Ashland High School named among the elite
Ashland High School has earned a silver medal from the U.S. News & World Report's "America's Best High Schools" review, published this week.
The magazine compiled test scores and college readiness data from 19,000 public high schools in 49 states, in conjunction with pre-collegiate research company School Education Services.
The nation's top 100 high schools based on the data were given a "gold medal" ranking. Schools that performed at an exceptionally high level, but finished just outside the top 100, were given a silver medal ranking.
AHS was one of 461 schools nationwide to be awarded silver medal recognition. Principal Jeff Schlecht credited a dedicated staff and volunteer group with raising test scores and graduation rates among low-income and disadvantaged students, criteria the national school review looked favorably on in its assessment.
"Several years ago we were looking at a graduation rate around 60 or 61 percent," Schlecht said. "Now we're up to 86 percent. I credit the partnership with all of those volunteers in helping our kids."
The nationwide assessment was conducted in three phases: All schools were evaluated based on student test scores, compared to standardized test scores from schools across the state.
The second phase was a school-by-school comparison of disadvantaged students from low-income families.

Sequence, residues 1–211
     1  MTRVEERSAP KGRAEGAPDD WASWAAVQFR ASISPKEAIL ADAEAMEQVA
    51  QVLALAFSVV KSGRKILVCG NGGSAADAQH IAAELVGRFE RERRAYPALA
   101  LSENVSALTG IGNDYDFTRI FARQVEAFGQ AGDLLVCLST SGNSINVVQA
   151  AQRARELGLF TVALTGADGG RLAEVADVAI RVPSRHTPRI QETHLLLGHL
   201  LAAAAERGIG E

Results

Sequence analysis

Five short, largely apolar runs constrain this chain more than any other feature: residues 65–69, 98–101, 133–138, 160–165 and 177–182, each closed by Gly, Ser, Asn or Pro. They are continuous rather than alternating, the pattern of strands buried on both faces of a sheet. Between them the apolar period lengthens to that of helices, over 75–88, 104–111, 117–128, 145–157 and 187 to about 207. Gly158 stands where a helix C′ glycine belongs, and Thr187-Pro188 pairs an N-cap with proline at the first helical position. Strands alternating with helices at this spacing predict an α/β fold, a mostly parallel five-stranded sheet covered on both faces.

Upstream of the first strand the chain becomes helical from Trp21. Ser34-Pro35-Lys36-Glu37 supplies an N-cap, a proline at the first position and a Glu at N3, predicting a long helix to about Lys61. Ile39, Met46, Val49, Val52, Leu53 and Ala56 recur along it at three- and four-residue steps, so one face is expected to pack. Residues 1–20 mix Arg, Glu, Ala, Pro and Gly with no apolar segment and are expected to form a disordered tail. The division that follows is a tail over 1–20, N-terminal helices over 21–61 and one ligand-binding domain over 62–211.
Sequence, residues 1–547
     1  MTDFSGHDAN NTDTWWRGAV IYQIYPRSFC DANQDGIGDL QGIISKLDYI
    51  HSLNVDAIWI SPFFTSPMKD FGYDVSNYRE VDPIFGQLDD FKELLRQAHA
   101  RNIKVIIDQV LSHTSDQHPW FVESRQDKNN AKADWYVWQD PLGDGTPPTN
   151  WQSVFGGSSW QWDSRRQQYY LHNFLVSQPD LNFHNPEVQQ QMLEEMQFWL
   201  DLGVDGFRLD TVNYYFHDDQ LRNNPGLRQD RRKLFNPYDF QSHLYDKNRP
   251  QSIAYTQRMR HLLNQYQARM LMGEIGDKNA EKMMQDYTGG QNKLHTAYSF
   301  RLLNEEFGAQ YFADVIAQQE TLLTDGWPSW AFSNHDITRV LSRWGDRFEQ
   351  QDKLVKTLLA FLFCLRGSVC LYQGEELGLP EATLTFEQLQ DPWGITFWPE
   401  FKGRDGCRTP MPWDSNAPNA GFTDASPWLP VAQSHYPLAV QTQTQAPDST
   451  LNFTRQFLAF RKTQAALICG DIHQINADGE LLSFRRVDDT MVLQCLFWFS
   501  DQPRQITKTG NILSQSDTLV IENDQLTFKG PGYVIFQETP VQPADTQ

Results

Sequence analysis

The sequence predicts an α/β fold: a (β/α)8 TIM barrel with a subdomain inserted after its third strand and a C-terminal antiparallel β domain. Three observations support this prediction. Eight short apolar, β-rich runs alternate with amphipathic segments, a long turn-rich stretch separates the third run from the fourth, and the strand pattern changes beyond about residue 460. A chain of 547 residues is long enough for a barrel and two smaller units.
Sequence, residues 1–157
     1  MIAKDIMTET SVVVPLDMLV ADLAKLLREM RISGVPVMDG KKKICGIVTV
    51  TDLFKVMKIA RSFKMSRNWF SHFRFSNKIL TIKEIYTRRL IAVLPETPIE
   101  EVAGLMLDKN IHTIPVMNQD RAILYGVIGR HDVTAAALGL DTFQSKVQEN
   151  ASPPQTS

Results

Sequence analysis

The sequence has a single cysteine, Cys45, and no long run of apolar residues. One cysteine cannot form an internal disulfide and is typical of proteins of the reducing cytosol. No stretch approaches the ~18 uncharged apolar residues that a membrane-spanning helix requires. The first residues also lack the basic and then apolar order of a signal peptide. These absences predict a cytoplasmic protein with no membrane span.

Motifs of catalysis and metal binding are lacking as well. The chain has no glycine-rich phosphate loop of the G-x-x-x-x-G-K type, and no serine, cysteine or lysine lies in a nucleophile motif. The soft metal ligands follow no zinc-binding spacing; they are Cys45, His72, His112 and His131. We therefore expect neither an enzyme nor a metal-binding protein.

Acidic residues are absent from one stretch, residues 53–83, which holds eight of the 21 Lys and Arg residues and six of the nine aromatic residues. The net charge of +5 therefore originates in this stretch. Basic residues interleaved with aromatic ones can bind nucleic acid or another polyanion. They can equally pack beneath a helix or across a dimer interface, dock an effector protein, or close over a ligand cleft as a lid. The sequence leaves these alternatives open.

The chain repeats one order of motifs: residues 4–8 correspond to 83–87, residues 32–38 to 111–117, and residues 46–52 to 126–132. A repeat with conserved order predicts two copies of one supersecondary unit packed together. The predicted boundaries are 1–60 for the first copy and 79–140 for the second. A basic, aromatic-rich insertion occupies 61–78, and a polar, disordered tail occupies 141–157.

Only top-tier schools in the first two criteria were evaluated in the third: college readiness, reflected in the test scores of students in advanced placement courses or enrolled in high-level international programs.
While the third criteria ultimately secured a silver medal for AHS, Schlecht says the school's improvement in the second category — scores among disadvantaged students — is cause for most celebration.
"We knew we did an exceptional job with honors students," Schlecht said. "But as far as the kids that do not do as well, we wanted to help them develop their potential."
Schlecht credits Oregon's ASPIRE program with helping to rein in the student achievement gap in Ashland. The program matches qualified volunteers with high school students. The volunteers offer one-on-one guidance, from what classes to take to what colleges to attend and, ultimately, what careers to choose.
A drastic improvement in the school's graduation rate is the culmination of an effort begun by Schlecht and AHS staff in the outgoing principal's first years at the school.
"I still remember that staff meeting we had seven or eight years ago," he said, "when we decided, 'Let's walk our talk when we say that all kids are treated with equal value.'"
The award is Ashland's second silver medal in the three years U.S. News has published the rankings. Schlecht said equal credit is deserved of local teachers and administrators from the kindergarten through eighth-grade level, whose dedication sends students to the high school with many tools for success already in place.
And he added that the award would make a nice conversation piece for the next AHS staff meeting.
"I'm ecstatic I get to say to my teachers, not only 'job well done,' but 'you're among the best," he said. "To be recognized on the national level, within the context of budget cuts. I am just overjoyed."
Elon Glucklich is a freelance writer living in Ashland. Contact him at email@example.com.